In 2007 Jiminy Peak installed a $4 million 1.5 megawatt (MW) wind turbine on the mountain. (Jiminy Peak)
Seeing the damage wrought by Tropical Storm Irene in Vermont and learning about the ravages of Sandy, Harvey, Irma, and Maria to say nothing of the heat waves and the fires on the nightly news, I was struck by the rapidity and rise in extreme weather events.
Given the great debate on whether climate change is real, “Earth’s Changing Climate” is enlightening. In the course, Middlebury College Professor Richard Wolfson, Ph.D., explains a complex subject so the layperson can understand what is happening.
"The temperature rise itself will not spread evenly over the globe; for example, it will generally be greater over land and at high latitudes. Extreme events, such as heat waves, intense precipitation, and droughts will be more frequent, and storm intensities will likely increase,” Wolfson says.
One of the impacts of temperature rise, he notes in 2007, is the “likelihood of extreme events.”
Wolfson’s Energy, Environment, and Climate (2017, W.W. Norton) emphasizes climate change is an energy-related environmental issue.
The ski industry appears to agree as seen by energy-efficient snowguns, the use of alternative energy sources (cow power, wind, solar), a reduction in plastic use, and a first-ever carbon-neutral World Cup commitment at Squaw Valley | Alpine Meadows via a solar project offset.
“Overall, Squaw Valley Alpine Meadows feels that it’s our duty to preserve our environment for generations to come. As leaders, it’s our responsibility to question everything we do, to never settle for “the way it is,” and to help guide our industry into a future we believe in,” spokesman Sam Kieckhefer said.
There’s a lot at stake with climate change, including a $62-billion ski industry supporting over 950,000 winter tourism-related jobs in the US. The threat, here and elsewhere, is warmer, drier winters with the possibility of multi-year droughts forcing resorts and small businesses to close.
Both the 2014-15 western snow drought and the 2015-16 eastern drought affected skier visits. The northern hemisphere has lost a million square miles of spring snowpack since 1970.
The past decade has been the warmest on record, with 2014, 2015, and 2016 setting “record highs for the average global temperature. This is the first time in the record, which goes back to the 1850s, that there have been three record years in a row,” Wolfson told SnoCountry.com.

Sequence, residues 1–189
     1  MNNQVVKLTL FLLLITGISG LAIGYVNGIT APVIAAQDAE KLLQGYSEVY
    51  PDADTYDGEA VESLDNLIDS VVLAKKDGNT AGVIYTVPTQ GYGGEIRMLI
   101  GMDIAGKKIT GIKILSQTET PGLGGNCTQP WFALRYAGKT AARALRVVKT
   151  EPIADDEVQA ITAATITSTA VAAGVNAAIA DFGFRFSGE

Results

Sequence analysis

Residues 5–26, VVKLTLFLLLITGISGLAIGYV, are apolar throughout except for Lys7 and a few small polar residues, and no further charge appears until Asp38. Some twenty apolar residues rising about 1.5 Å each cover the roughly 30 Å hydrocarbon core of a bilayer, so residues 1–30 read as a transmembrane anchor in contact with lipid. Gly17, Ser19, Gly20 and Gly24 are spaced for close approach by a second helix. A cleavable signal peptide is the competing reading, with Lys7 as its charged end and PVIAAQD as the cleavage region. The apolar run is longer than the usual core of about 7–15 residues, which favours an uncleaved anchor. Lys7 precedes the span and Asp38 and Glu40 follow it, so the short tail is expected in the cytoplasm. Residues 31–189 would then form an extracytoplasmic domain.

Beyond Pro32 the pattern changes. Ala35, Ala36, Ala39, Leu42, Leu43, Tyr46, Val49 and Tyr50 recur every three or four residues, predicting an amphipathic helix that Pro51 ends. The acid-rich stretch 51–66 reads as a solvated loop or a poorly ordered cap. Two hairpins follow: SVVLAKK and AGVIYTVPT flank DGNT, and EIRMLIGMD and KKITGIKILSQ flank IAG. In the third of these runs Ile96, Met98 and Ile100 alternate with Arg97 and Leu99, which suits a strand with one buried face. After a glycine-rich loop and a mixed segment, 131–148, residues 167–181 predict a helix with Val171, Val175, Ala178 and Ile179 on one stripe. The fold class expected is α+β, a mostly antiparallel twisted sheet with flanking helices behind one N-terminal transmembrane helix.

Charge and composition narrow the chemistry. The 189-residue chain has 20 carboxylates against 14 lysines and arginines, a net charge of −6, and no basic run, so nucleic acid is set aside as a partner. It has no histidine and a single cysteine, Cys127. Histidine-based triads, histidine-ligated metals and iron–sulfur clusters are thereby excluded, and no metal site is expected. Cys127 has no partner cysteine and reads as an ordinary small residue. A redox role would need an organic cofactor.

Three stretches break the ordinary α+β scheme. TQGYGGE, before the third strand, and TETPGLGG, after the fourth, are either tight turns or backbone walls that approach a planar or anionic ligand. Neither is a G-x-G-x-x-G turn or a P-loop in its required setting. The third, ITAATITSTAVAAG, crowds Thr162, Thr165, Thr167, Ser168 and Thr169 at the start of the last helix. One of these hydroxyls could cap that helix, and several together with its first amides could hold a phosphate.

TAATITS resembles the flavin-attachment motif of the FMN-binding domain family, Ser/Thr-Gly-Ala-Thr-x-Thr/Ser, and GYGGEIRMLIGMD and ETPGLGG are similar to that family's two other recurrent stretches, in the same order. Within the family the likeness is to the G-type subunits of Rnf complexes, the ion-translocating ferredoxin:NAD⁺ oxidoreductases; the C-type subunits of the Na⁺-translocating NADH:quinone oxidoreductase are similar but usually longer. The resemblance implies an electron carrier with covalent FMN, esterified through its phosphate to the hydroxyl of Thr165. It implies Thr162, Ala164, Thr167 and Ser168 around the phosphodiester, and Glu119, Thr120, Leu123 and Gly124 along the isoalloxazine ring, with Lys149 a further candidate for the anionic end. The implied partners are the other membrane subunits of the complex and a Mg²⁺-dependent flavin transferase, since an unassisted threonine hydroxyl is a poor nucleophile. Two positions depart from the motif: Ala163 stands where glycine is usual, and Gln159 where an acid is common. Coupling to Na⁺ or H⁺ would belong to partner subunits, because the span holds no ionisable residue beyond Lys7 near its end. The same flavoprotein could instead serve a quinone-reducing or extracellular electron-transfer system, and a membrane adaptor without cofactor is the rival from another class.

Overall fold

“Because We All Need Winter” POW
As a member of The Protect Our Winters (POW) Riders Alliance, big mountain pro skier Ian McIntosh is one of 60 skiers and riders committed to environmental leadership and fighting climate change. They work to educate the public and talk to thousands of school students each year about how they can make a difference.
McIntosh commented, “We see glaciers receding so we pay attention because it’s our livelihood. In Alaska I’ve seen glaciers recede hundreds of yards every year. … Temperatures are warmer. …California had a serious water drought. Greenland is melting. It’s supposed to be cold and snowy, but the ice shelf is turning into rivers and lakes. . . . The Arctic is seeing big temperature swings. The ice and permafrost are melting, releasing methane gas, which is worse than carbon. … We’re in big trouble.”
“The average person doesn’t see this,” McIntosh added of his “unique niche” that allows him to experience climate change impacts in his travels.
He also sees solutions, noting, “Germany is 90 million people and their power comes from clean energy, solar and wind, despite being cloudy there.”
Founded by snowboarder Jeremy Jones in 2007 to protect the powder “pow” he loves, POW now has branches in the UK, France, Austria, Finland, Sweden and Norway. POW’s mission is to “mobilize the outdoor sports community to lead the charge toward positive climate action.”
Learn more about how you can become involved at www.protectourwinters.org.